Are you a first-gen student? It depends who you ask.

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Photo Credit: Samantha Dorisca | Daily Texan Staff

This is the second installment of the semester-long collaborative series “First-Gen UT,” which will share the stories of first-generation Longhorns. Stories will be produced in partnership with UT’s chapters of Asian American Journalists Association, National Association of Black Journalists, National Hispanic Journalists Association and the National Lesbian Gay Journalists Association. 

Every day from 10 a.m. until 9:30 p.m., math senior Benjamin Duong’s parents work at their family restaurant called Kemah Cafe. Born and raised in Clear Lake, Texas, Duong spent his childhood helping out at the restaurant by taking orders, cleaning tables and making coffee or lemonade when needed.

Since his parents work long hours, Duong said he had to figure out how to complete his college applications and financial aid documents with only the help of his older sisters. Neither of Duong’s parents attended college, making him a first-generation college student. However, Duong said he didn’t even know he qualified as a first-generation student, because his sisters had both gone to college.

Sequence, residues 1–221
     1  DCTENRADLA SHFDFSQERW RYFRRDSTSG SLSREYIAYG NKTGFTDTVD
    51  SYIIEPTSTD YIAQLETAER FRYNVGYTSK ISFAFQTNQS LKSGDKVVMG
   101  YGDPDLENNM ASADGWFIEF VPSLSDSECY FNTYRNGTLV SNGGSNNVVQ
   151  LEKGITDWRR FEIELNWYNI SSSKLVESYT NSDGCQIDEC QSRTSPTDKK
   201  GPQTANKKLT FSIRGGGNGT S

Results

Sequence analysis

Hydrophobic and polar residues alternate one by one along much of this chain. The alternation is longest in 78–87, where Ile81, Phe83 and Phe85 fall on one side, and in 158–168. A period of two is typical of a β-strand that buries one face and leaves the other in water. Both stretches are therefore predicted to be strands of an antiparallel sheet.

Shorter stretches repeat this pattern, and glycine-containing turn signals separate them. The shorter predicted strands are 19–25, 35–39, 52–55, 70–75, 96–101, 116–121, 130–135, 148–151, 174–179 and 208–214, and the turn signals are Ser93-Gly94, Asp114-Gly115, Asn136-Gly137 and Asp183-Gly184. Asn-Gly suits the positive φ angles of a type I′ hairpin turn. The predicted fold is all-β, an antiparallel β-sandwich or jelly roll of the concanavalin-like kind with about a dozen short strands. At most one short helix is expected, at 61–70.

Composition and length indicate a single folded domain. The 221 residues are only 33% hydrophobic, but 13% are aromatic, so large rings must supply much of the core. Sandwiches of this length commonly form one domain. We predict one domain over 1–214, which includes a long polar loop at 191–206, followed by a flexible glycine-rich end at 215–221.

“I don’t think I was recognizable as a first-generation to myself or to other people,” Duong said. 

Business sophomore Lucy Gutierrez also researched the college application process without her parents because they were unfamiliar with the U.S. college system as Mexican immigrants.

“It was something I researched, I applied to, I financed and I decided to move (to Austin),” Gutierrez said. “They drove me up here … but they were not able to be very involved in the application process and enrollment.”

But according to the U.S. Department of Education, Gutierrez is not a first-generation college student because her mom graduated with a bachelor’s degree in Mexico. 

The definition of a “first-generation student” can be vague and unclear, leaving students like Duong and Gutierrez confused.

Who is a first-generation student? 

Duong and Gutierrez’s similar, but different, experiences are part of the ongoing debate over what the term “first-generation student” means.

UT officials define first-generation students as those with parents “who have not earned a higher education degree from a U.S. institution.” 

But at the federal level, this is not the case. 

According to the U.S. Department of Education, a first-generation student is someone whose parents haven’t obtained a bachelor’s degree or someone whose primary guardian didn’t obtain a bachelor’s degree. The term also extends to people with parent(s) and or guardian(s) who attended college, but failed to receive a bachelor’s degree.

Joey Williams, communications director for the Office of the Executive Vice President and Provost Office, said the federal definition of first-generation is not influenced by country of origin, so students whose parents have earned a degree in another country may not be eligible for first-generation scholarships.

This leaves students like Gutierrez, whose mom earned a bachelor’s in business administration in Mexico, with less resources, even if they face similar bureaucratic or cultural obstacles as federally qualified first-generation students.